Spring and summer may be the seasons most often associated with gardening but people who love to grow their own vegetables can do so even when the weather outside is frightful.
Fall is a great time to plant garlic so it can be harvested in the middle of next year.
“It sets up in the spring for really healthy garlic,” said Mark Lovejoy, who owns Garden Treasures Farm and Nursery with his wife, Patricia. He recommended people should plant garlic during months that end in “r.”
Because the climate in the Pacific Northwest is neither too hot nor too cold, winter protection such as straw or frost blankets isn’t necessary, Lovejoy said. Garlic scapes appear in early-to-mid June and bulbs can be harvested two-to-three weeks later. Garden Treasures produced a blog on the ins-and-outs of growing garlic and it can be viewed at gardentreasurescsa.wordpress.com/2019/09/14/a-growing-garlic-guide-for-garlic-lovers/.
Lovejoy said it takes planning to successfully grow vegetables throughout the winter. Potatoes should be planted in June and can be harvested as needed through the winter. They should be harvested before they have a chance to re-sprout.
“The best place to store them is in the ground,” Lovejoy said.
He recommended other root vegetables such as carrots and beets should be planted by mid-July.
Squash should be harvested and cured to be stored over the winter. Lovejoy said squash should be stored for two weeks at a temperature between 60 and 70 degrees to develop a thicker skin. The squash should then be stored long-term between 50 and 60 degrees.
Growing vegetables in winter requires a different approach than growing in spring and summer, as gardeners must be ready to prevent damage from frost if temperatures get especially chilly. For example, the experts at Michigan State University Extension note that gardeners may need to utilize floating row covers to protect sensitive crops from frost. Gardeners interested in planting winter vegetables can speak with a local garden center professional about which crops to plant and what to do if temperatures push winter vegetable gardens to the brink.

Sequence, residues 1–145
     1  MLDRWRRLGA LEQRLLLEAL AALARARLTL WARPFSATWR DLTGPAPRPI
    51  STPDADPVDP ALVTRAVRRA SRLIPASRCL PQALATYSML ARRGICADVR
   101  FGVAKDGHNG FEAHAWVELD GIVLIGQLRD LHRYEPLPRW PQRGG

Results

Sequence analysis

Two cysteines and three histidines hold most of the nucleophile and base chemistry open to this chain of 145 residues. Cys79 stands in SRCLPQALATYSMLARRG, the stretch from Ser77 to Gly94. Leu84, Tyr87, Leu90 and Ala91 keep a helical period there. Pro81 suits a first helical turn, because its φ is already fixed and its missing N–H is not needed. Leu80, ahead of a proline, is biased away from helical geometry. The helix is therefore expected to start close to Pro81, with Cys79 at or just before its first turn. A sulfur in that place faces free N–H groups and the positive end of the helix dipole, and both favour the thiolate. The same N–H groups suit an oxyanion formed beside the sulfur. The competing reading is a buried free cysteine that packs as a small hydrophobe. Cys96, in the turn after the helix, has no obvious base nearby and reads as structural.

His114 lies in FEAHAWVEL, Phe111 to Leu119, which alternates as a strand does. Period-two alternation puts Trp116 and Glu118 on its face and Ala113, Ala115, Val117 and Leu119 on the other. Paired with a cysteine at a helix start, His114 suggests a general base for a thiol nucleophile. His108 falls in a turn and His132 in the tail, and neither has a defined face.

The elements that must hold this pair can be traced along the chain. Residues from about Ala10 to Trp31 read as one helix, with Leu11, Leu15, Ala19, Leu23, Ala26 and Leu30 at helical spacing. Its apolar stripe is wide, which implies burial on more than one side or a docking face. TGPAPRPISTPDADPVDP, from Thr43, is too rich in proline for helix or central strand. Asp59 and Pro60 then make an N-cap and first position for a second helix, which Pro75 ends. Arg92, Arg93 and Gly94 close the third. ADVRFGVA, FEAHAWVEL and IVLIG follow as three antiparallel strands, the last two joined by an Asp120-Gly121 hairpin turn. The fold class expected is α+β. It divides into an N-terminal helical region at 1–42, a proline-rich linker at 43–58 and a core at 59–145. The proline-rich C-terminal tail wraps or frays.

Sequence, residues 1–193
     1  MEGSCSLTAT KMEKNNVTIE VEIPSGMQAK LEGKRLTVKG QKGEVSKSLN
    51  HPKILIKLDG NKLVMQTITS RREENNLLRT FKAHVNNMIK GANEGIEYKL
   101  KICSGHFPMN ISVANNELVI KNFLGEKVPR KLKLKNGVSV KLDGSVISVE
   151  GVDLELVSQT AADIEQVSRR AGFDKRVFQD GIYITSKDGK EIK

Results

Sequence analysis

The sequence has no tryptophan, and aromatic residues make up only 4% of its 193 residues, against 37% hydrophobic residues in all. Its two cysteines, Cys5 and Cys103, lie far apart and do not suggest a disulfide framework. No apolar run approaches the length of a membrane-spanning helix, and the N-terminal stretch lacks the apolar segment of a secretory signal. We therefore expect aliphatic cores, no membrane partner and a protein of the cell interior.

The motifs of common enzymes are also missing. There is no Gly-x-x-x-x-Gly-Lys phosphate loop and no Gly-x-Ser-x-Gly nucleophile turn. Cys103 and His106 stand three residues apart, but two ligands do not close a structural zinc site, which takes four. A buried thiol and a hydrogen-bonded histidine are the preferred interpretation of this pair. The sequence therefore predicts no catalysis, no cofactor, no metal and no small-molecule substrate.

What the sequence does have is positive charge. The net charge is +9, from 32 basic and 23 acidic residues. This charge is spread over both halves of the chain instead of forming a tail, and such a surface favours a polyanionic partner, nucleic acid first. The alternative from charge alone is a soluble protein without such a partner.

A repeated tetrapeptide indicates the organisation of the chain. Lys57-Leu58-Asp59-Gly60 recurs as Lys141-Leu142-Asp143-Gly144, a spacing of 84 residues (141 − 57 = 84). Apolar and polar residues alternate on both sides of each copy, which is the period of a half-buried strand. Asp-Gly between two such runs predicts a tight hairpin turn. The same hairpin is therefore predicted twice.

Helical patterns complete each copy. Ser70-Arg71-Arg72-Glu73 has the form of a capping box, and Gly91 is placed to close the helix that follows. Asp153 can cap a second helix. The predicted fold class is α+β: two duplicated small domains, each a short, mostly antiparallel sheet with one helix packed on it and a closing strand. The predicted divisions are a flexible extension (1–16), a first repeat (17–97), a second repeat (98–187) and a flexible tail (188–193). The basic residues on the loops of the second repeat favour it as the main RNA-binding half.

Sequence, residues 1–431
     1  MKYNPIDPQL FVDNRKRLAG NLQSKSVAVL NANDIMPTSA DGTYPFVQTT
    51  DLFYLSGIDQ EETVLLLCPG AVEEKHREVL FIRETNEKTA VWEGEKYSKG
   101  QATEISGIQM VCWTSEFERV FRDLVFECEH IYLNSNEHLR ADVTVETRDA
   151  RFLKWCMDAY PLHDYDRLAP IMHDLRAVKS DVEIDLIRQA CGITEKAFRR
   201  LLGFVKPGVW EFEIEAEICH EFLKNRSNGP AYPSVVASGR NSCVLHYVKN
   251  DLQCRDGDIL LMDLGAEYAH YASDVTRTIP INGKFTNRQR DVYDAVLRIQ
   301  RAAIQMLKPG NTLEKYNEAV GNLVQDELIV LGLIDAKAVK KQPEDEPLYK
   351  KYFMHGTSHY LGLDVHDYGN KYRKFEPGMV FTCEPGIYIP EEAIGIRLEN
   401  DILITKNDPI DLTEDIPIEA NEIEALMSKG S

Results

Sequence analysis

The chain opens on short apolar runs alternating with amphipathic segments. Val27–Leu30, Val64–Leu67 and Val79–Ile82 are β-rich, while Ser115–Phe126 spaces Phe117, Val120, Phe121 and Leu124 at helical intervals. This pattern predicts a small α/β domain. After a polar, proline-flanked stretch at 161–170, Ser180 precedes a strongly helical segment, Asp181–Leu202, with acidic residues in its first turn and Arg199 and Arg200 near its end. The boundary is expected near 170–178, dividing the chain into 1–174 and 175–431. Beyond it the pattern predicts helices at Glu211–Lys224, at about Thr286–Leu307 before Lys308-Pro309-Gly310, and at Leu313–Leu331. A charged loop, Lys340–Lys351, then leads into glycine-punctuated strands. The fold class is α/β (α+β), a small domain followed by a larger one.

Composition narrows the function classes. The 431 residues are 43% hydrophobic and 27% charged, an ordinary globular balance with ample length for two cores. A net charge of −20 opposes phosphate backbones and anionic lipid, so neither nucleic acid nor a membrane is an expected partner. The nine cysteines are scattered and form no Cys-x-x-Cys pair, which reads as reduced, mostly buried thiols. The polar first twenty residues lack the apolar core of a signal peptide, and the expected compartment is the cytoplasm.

Lovejoy said to check temperatures. Extended periods where temperatures drop below 25 degrees means adding protection for crops such as frost blankets or straw. Generally the ground will be between 30 and 32 degrees. “Your crop doesn’t freeze underground.”
He added that landscape trees, hedge trees and laurel bushes should be planted by December to lessen the effects of transplant shock. Waiting until spring and the erratic temperatures that occur can cause problems with relocating trees.
Though it’s up to gardeners what they want to plant, the following are some popular winter vegetables that can make for wonderful, fresh additions to any dinner table even after the traditional gardening season has come and gone: arugula, broccoli, Brussels sprouts, cabbage, carrots, collard greens, endive, parsley, parsnips, kale, radishes, rutabagas, spinach and Swiss chard.
For more information, go to www.gardentreasuresfarm.com.